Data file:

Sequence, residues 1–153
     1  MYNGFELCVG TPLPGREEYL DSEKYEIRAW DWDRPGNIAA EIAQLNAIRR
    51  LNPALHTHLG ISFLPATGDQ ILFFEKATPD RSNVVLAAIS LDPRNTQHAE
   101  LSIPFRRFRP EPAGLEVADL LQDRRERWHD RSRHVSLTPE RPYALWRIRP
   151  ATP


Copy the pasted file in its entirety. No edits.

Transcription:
Sequence, residues 1–153
     1  MYNGFELCVG TPLPGREEYL DSEKYEIRAW DWDRPGNIAA EIAQLNAIRR
    51  LNPALHTHLG ISFLPATGDQ ILFFEKATPD RSNVVLAAIS LDPRNTQHAE
   101  LSIPFRRFRP EPAGLEVADL LQDRRERWHD RSRHVSLTPE RPYALWRIRP
   151  ATP